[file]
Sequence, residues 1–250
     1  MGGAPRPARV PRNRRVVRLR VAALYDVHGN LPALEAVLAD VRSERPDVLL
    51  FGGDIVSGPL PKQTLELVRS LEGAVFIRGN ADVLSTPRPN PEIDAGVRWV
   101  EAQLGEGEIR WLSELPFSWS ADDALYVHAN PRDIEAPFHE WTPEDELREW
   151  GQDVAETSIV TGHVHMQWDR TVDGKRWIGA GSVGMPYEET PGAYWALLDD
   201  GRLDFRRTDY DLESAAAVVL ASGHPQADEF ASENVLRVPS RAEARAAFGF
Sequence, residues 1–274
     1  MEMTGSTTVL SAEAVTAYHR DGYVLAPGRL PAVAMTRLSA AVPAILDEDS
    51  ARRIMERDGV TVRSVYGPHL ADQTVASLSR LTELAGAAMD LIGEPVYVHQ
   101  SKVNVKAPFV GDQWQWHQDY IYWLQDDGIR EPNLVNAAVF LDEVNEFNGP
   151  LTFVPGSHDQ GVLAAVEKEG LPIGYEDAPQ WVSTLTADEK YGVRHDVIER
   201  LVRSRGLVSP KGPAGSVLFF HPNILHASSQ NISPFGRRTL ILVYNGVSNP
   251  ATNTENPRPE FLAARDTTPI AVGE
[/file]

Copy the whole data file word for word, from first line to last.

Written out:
Sequence, residues 1–250
     1  MGGAPRPARV PRNRRVVRLR VAALYDVHGN LPALEAVLAD VRSERPDVLL
    51  FGGDIVSGPL PKQTLELVRS LEGAVFIRGN ADVLSTPRPN PEIDAGVRWV
   101  EAQLGEGEIR WLSELPFSWS ADDALYVHAN PRDIEAPFHE WTPEDELREW
   151  GQDVAETSIV TGHVHMQWDR TVDGKRWIGA GSVGMPYEET PGAYWALLDD
   201  GRLDFRRTDY DLESAAAVVL ASGHPQADEF ASENVLRVPS RAEARAAFGF
Sequence, residues 1–274
     1  MEMTGSTTVL SAEAVTAYHR DGYVLAPGRL PAVAMTRLSA AVPAILDEDS
    51  ARRIMERDGV TVRSVYGPHL ADQTVASLSR LTELAGAAMD LIGEPVYVHQ
   101  SKVNVKAPFV GDQWQWHQDY IYWLQDDGIR EPNLVNAAVF LDEVNEFNGP
   151  LTFVPGSHDQ GVLAAVEKEG LPIGYEDAPQ WVSTLTADEK YGVRHDVIER
   201  LVRSRGLVSP KGPAGSVLFF HPNILHASSQ NISPFGRRTL ILVYNGVSNP
   251  ATNTENPRPE FLAARDTTPI AVGE